The Microsoft Surface Pro 6 is an all-purpose tablet that you can use not only for note-taking in class but in professional settings as well. The Microsoft Surface Pro 6 runs Windows 10 in full, meaning that you can run any programs available for Windows, including the full Adobe Suite and Microsoft Office. It’s a full computer in tablet form, and you can use it for pretty much anything you want. Artists will like the Surface Pen, which has 4096 levels of pressure sensitivity and has a replaceable tip.


Best Tablet for Artists — Apple iPad Pro with Apple Pencil

Tablets are a great resource for students looking to make a foray into digital art. Although there’s some steep competition, the iPad Pro with the Apple Pencil is ultimately the best tablet for artists. Using apps like Procreate and Affinity Designer, you can create beautiful, fully-finished artworks. The real star here is the second generation Apple Pencil, which you will have to buy separately from the iPad. The Apple Pencil feels natural in your hand, and is smooth, responsive, and frictionless when drawing. The only drawback is that the software available for the iPad is limited to iOS iPad apps. This means you won’t be able to run Adobe programs such as inDesign, Illustrator, or Photoshop, though Adobe is apparently working on bringing some of their programs to the iPad. The biggest drawback is the price. The iPad Pro is expensive on its own, but you’ll have to shell out over $100 for the Apple Pencil as well.


Best Tablet for Note-Taking and Basic TasksMicrosoft Surface Go

The Microsoft Surface Go is a great option if you just need a basic tablet that can perform simple, everyday tasks. The Microsoft Surface Go uses Windows 10 in S Mode, a limited Windows operating system that can only run apps from the Microsoft Store. That shouldn’t be an issue for most users, but don’t expect it to run like a computer. The Surface Go be purchased with a stylus and keyboard cover, which make it a super convenient device for note-taking and reading.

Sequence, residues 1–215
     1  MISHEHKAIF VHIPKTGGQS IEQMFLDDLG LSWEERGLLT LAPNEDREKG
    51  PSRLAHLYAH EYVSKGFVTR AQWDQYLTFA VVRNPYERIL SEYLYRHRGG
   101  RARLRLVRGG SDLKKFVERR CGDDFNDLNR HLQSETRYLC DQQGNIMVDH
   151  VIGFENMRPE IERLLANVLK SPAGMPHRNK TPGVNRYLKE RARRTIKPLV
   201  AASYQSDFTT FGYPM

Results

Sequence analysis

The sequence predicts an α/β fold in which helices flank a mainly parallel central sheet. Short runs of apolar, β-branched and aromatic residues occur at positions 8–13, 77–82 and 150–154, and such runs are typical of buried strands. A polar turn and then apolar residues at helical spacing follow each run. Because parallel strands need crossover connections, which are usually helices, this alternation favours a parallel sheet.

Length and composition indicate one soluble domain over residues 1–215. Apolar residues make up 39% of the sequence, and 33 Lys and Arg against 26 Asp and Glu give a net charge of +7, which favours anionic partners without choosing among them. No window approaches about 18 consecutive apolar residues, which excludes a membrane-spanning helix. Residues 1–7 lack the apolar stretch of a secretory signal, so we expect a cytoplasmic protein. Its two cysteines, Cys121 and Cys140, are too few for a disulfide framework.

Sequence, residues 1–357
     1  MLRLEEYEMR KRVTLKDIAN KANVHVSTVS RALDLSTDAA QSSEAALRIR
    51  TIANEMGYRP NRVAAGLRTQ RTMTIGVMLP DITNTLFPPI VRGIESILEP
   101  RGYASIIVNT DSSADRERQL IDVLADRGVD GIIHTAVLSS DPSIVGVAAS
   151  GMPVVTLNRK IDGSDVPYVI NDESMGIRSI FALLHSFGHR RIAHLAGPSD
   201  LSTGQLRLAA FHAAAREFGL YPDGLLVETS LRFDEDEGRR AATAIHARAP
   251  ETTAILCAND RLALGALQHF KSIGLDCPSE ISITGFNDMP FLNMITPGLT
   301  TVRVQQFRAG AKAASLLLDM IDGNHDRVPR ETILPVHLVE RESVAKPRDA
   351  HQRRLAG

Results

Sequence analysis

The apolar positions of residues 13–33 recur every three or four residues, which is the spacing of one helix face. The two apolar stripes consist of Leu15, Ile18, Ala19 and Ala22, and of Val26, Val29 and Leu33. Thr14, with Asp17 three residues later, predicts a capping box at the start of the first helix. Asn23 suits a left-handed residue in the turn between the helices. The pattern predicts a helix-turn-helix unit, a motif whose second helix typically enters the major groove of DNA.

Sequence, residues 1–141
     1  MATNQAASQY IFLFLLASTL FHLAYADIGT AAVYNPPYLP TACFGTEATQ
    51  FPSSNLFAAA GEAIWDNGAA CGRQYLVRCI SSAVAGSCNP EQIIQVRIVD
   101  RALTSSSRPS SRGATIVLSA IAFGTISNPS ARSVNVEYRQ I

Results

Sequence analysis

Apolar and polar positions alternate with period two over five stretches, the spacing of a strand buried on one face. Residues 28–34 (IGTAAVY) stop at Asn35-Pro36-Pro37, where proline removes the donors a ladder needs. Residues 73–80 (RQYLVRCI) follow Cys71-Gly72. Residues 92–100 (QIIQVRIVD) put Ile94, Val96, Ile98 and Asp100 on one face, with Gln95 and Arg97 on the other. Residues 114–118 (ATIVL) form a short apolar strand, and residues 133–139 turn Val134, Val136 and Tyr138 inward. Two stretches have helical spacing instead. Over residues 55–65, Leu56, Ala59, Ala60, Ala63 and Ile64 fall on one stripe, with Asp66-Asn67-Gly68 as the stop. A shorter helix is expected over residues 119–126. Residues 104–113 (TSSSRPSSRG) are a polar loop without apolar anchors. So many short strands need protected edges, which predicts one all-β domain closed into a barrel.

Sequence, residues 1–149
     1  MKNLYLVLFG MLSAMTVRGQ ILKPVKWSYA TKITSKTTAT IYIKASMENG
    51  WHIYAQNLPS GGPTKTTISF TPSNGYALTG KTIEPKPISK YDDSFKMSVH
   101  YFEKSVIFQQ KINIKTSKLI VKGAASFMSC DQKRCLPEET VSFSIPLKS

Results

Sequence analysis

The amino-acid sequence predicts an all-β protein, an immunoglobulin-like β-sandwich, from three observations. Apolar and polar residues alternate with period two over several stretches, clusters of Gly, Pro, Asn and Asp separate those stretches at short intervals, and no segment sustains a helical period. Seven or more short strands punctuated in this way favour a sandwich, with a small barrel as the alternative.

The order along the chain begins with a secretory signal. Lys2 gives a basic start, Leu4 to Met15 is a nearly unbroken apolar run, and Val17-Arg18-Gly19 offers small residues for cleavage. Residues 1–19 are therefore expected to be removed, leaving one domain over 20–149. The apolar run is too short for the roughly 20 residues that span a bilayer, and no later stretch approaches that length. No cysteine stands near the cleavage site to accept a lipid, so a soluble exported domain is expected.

Best Tablet for ReadingBOOX Max2

If you’re sick of staring at LED screens, I have to recommend the Onyx BOOX Max2. It’s essentially a super powerful, super large e-reader. Its 13.3” black and white E ink display is easy on the eyes, making it better for reading (in my view) than blue-light LED displays which are well-known to be hard on the retinas. The BOOX Max2 runs Google Android and includes Google Play, so you can use it for much more than just reading and writing. Of course, that’s where the BOOX Max2 shines. Onyx’s reading app can handle PDF, ePUB, HTML, DOC, MOBI, and CHM files. You can also use other reading applications, like Kindle, Kobo, Marvel Unlimited, and Overdrive. It works great for reading e-books, but also is superb for reading, taking notes in, and editing long PDFs, including research papers. The included stylus works great for writing in the default note-taking app, and is functional for drawing as well.